Officially, the program ended here. The strong political antipathy by the German government against Heinkel sure wasn't shared by the night-fighter pilots, whose lives were dependent on the quality of their aircraft. The demand and need was so high that Heinkel continued to produce the He 219. The Luftwafe even had 6 aircraft assembled from spareparts!


Number built: unknown out of a total of about 288
Heinkel 219A-6 Uhu The effectiveness of the De Havilland Mosquito worried the Germans, for it was a very fast and small aircraft that could also operate at night, making it very hard to catch them. In order to deal with them Heinkel built the He 219A-6.
The He 219A-6 was a conversion from the He 219A-2/R1, powered by 2 × Daimler-Benz 603L, rated at 1,750 hp (1.305 kW) each, and fitted with the GM-1 nitrous-oxide powerboost. Further, this versin had no Shräge Musik, and no armor, to increase performance. It entered service in August 1944.
Number converted: unknown
Heinkel 219A-7 Uhu This was the last production version, and had the biggest number of Rüstsätze, to deal with a variety of armament and engine options.

Rüstsätze (field conversion sets):

He 219A-7/R1 Uhu Armed with:
  • 2 × 30 mm MK 108 in a Shräge Musik installation
  • 2 × 30 mm MK 108 fixed forward-firing in wing roots
  • 2 × 30 mm MK 103 fixed forward-firing in the ventral tray.
  • 2 × 20 mm MG 151/20 in the ventral tray.
He 219A-7/R2 Uhu Armed with:
  • 2 × 30 mm MK 108 in a Shräge Musik installation
  • 2 × 30 mm MK 103 fixed forward-firing in the ventral tray.
  • 2 × 20 mm MG 151/20 in the ventral tray.
He 219A-7/R3 Uhu Armed with:
  • 2 × 30 mm MK 108 in a Shräge Musik installation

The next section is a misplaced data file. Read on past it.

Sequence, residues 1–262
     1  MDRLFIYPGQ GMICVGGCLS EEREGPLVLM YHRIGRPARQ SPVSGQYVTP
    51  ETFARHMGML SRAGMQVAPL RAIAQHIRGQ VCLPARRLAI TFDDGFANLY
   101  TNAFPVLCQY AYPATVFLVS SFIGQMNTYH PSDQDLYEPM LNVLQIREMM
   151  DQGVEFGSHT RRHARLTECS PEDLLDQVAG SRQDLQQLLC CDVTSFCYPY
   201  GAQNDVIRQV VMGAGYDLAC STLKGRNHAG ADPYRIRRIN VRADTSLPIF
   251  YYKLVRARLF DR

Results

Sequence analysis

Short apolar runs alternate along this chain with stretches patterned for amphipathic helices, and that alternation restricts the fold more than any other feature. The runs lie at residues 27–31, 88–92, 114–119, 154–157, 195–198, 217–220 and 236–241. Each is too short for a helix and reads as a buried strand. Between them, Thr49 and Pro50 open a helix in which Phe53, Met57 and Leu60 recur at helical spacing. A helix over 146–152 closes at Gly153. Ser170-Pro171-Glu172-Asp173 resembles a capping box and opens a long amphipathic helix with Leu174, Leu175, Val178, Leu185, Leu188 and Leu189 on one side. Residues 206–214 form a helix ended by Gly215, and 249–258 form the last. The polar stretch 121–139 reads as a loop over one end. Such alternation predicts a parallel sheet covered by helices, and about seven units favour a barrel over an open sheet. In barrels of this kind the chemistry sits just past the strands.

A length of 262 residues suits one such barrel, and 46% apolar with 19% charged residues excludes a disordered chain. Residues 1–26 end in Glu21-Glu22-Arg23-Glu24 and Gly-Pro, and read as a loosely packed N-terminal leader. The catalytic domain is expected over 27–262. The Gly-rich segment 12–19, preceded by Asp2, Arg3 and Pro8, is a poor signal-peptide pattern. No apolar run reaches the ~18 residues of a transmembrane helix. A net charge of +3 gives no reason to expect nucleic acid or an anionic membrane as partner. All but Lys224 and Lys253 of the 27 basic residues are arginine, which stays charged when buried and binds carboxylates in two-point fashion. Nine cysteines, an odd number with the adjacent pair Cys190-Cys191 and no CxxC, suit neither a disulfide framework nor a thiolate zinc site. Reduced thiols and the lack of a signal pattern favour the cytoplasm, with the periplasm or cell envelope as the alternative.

• 2 × 20 mm MG 151/20 in the wing roots.
He 219A-7/R4 Uhu First version fitted with the FuG 220 Neptun tail-warning radar. Armed with:
  • 2 × 30 mm MK 108 in a Shräge Musik installation
  • 2 × 20 mm MG 151/20 in the ventral tray.
  • 2 × 20 mm MG 151/20 fixed forward-firing in the wing roots.
He 219A-7/R5 Uhu Armed with 2 × 30 mm MK 108 in a Shräge Musik installation, and powered by 2 × Junkers Jumo 213E inverted Vee, each fitted with the MW 50 methanol/water power-boost system.
He 219A-7/R6 Uhu Armed with 2 × 30 mm MK 108 in a Shräge Musik installation, and powered by 2 × Junkers Jumo 222A/b inverted Vee, rated at 2,500 hp (1.864 kW) each


Number built: unknown out of a total of about 288

Remarks:

The Uhu had exceptional capabilities, and was an outstanding night fighter. Strangely enough, the German government ordered only a small number, probably because of political reasons. Even though the Heinkel company was not liked by the German leadership and orders were minimal, Heinkel decided to build on contradicting government orders.
In Venlo, The Netherlands, the first unit was formed: I/NJG 1. It was a Heinkel He 219A-0/R2 that in the night of 11/12 June 1943 scored it's first kill. Actually, it scored 5 kills against British bombers in a timespan of 30 minutes! During the first 6 sorties of He 219A-0's 20 British bombers were claimed, including 6 De Havilland Mosquitoes.

Strengths:

Weaknesses:

 

Got any comments?
Do you want to discuss this with someone else?
Post a message at the World War 2 Warbirds messageboard!!

 

© by Frans Bonné, 2000
Last revision: 12/11/00